New Bailey Prison
As the borough of Manchester had no gaol in 1839, an agreement was made with the county magistrates of Lancashire that people sentenced for up to six months would be housed in New Bailey Prison in Salford. Longer term prisoners went to the County Gaol in Lancaster. We hold:
- General registers (male), 1859 to 1869
- Nominal registers (small debts - male and female), Sep 1863 to 19 Nov 1864, 28 Aug to 29 Oct 1868 (female and male), 1847 to 1872 (female), Aug 1862 to July 1867 (female description books), 1859 to 1867
We don't have the records for Misdemeanants 1847 to 1872.
The records of Lancaster Prison are held by the National Archives, but Lancashire Record Office hold microfilm copies.
Belle Vue Prison
Also known as Manchester Borough Gaol or Manchester City Gaol), Hyde Road, West Gorton was opened in 1849 by the Borough of Manchester. It was a short term jail, but it proved inadequate (some prisoners were still sent to the New Bailey). It was demolished in 1892. The majority of prisoners were tried at the Manchester Magistrates Court or Quarter Sessions. We hold:
- General Registers (male and female), 1850 to 1880 (except June 1871 to April 1872, and September 1877 - June 1878), or 1850 to 18 Aug 1870 (on microfilm MF 3047-3059)
Located in Southall Street, this prison was built to replace New Bailey prison in Salford which closed in June 1868. It acted as the County Gaol for the Hundred of Salford (south-east Lancashire). It was renamed Her Majesty's Prison in the 1990s. We hold:
- Female Registers 1868 to 1875 (female description books), 1867 to 1879 (male registers), 1869 to1879 (with gaps, male and female register, small Debts), Dec 1878 to Dec 1881.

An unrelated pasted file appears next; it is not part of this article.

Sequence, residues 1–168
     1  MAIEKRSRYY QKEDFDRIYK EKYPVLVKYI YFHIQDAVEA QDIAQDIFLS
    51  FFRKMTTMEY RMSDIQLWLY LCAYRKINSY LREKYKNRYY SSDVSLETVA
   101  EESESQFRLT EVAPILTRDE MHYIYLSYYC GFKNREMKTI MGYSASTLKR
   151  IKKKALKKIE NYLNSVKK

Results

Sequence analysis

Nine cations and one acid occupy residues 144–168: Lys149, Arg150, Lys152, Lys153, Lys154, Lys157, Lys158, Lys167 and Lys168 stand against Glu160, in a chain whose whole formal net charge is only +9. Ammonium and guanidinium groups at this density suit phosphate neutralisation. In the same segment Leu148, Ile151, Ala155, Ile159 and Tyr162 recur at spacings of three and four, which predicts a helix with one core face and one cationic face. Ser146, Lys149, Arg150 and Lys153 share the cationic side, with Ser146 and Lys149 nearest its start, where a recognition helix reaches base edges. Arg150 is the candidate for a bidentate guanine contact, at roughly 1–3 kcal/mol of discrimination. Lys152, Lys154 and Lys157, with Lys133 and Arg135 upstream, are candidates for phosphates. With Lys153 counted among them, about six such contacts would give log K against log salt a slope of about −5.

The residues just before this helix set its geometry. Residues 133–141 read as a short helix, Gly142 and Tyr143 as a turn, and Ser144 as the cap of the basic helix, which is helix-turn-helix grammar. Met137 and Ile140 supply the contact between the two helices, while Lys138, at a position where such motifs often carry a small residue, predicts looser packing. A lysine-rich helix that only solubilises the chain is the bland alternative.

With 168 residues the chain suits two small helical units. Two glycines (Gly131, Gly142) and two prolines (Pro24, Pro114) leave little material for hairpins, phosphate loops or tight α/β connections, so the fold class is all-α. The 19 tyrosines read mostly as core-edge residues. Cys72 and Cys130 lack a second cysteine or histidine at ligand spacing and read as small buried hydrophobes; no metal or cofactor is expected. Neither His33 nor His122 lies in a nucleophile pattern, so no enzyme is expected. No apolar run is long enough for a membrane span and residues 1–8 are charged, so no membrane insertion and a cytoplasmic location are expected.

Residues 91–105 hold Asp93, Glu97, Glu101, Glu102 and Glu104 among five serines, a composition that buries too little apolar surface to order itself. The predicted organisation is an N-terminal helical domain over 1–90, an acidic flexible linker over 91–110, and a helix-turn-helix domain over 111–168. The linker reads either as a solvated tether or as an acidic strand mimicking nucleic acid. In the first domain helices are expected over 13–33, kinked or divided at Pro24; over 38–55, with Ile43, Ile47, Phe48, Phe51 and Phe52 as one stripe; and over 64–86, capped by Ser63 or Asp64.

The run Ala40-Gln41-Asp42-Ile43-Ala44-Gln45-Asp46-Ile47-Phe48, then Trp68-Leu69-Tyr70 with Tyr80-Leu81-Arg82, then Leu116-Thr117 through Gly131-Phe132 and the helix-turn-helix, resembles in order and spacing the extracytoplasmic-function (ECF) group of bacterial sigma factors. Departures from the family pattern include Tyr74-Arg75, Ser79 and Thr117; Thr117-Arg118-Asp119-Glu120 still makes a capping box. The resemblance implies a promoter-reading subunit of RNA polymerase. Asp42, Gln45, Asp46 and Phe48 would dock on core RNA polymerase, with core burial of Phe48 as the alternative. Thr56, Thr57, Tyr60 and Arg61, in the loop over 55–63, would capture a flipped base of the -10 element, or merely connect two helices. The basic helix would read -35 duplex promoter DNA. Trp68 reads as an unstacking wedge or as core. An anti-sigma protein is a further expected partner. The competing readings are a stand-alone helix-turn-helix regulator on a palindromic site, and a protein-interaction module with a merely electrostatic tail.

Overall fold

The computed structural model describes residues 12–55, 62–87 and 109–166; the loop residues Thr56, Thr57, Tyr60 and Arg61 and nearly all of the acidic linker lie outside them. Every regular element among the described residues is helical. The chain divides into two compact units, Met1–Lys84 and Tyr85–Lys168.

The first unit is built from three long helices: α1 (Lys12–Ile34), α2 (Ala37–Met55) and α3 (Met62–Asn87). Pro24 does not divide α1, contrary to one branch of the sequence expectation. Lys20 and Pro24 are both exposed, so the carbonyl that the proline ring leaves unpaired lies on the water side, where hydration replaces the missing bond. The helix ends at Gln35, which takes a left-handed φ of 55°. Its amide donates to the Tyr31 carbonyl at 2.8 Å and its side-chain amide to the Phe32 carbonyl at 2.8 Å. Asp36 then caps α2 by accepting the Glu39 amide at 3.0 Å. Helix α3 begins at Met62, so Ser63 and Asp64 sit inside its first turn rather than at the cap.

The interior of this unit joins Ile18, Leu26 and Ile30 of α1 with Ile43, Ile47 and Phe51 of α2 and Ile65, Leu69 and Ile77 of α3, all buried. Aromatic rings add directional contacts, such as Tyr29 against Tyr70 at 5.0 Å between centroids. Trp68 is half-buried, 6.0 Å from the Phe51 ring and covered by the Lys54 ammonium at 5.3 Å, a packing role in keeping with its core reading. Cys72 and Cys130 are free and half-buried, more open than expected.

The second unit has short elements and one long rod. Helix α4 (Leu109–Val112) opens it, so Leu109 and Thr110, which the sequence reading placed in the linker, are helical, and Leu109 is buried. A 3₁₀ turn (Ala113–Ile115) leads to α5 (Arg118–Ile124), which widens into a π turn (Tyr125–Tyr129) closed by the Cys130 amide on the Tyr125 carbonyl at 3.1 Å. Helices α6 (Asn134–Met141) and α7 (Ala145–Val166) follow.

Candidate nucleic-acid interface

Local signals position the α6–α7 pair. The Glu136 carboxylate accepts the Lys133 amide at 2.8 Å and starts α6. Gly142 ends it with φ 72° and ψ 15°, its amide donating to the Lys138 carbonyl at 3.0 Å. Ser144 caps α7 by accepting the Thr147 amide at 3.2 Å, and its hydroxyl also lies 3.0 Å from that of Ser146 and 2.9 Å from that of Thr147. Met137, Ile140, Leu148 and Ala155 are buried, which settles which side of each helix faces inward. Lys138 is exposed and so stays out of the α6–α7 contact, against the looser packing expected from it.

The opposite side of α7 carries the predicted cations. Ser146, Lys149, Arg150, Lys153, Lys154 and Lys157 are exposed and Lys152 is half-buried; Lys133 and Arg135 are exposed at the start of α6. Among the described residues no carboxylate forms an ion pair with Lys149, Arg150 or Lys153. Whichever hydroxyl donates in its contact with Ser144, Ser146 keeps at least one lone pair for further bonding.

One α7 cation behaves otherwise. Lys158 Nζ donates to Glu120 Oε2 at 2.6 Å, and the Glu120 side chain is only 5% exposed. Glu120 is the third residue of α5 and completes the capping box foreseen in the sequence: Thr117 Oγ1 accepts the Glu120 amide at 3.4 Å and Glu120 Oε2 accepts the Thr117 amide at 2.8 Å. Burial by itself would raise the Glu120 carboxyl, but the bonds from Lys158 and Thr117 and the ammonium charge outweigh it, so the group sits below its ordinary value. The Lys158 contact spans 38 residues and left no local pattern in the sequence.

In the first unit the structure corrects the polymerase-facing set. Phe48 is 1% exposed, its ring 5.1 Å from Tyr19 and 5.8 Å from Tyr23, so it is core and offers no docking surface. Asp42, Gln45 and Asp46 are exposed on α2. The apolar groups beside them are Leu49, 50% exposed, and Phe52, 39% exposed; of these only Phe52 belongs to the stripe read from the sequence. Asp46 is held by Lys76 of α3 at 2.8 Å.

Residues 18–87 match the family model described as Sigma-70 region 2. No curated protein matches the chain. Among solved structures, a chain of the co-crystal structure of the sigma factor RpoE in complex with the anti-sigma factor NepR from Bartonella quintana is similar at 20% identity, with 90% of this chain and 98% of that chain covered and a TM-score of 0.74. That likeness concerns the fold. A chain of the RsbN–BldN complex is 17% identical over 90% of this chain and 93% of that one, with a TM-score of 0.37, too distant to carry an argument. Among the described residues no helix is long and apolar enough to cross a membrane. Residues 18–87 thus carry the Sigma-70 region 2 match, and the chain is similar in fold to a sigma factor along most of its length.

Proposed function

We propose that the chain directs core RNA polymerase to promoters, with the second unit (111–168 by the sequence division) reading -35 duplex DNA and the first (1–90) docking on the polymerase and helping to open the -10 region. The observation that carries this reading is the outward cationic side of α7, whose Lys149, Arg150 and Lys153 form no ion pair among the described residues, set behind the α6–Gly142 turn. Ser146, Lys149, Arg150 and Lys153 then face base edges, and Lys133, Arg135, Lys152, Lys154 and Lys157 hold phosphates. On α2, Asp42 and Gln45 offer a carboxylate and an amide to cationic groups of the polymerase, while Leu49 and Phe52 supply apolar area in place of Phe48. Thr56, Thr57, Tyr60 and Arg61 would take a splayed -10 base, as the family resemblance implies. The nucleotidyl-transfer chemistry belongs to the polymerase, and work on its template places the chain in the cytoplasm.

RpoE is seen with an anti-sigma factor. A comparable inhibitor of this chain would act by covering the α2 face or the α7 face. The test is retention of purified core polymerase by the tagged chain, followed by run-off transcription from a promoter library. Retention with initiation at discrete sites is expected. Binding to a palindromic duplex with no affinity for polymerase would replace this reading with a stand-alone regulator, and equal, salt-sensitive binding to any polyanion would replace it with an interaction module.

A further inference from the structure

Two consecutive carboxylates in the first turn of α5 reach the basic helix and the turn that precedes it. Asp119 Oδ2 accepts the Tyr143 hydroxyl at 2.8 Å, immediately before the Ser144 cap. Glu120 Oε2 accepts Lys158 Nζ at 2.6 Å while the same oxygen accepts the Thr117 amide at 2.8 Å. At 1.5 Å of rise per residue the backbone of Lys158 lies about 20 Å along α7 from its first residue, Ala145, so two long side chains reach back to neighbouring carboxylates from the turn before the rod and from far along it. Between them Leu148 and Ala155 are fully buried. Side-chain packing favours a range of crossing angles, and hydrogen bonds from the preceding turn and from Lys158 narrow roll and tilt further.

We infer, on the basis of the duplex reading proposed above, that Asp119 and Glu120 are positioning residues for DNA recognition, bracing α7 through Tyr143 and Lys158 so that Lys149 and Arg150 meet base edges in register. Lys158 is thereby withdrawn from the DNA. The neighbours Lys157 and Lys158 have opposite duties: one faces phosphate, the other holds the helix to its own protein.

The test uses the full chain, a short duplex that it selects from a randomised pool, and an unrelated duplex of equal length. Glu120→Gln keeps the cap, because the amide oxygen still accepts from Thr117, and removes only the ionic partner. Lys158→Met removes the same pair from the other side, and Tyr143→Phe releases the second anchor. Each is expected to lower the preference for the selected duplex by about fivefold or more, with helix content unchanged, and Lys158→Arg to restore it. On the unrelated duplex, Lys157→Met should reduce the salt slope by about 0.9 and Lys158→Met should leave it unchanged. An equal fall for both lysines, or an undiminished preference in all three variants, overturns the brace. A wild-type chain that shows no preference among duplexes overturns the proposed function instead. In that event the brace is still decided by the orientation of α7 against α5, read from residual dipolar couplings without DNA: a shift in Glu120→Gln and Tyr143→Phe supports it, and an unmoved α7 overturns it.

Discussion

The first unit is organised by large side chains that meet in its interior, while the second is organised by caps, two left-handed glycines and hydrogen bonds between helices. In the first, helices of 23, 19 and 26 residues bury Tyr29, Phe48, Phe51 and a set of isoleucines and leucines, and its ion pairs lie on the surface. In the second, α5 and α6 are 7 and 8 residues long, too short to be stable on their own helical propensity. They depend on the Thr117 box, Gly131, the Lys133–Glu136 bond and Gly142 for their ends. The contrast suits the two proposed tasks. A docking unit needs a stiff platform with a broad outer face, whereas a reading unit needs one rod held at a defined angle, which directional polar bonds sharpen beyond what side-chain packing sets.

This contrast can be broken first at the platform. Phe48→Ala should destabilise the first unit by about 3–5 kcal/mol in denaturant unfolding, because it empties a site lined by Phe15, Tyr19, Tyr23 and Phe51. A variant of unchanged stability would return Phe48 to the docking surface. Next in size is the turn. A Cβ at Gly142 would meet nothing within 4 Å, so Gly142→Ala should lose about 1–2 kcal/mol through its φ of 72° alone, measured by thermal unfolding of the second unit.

We also hold a "Felony register - Bolton and Salford Sessions and Manchester Assizes (male) Jan 1863 to Dec 1872" (ref GB127.M600/4/1). This is for New Bailey Prison and Strangeways Prison. No other records are known to have survived.
If you find an ancestor in Strangeways, don't automatically assume they would have been tried at the Manchester Quarter Sessions, as they only covered the city, but Strangeways Prison took prisoners from all over south-east Lancashire. It's more likely that they that they would have been tried at the Assize Court, or at their local or magistrates or Quarter Session Court if it was a short custodial sentence.
How to access
Our available prison registers 1847 to 1881 including names, full details of prisoners and digital images of the registers, is on findmypast, access is free at any of our libraries.
A full catalogue for our prison records is on the archives catalogue (ref: GB127.M600).
If you prefer to use microfilm, they are on the ground floor of Central Library (Ref MF 3047-3059), no appointment needed.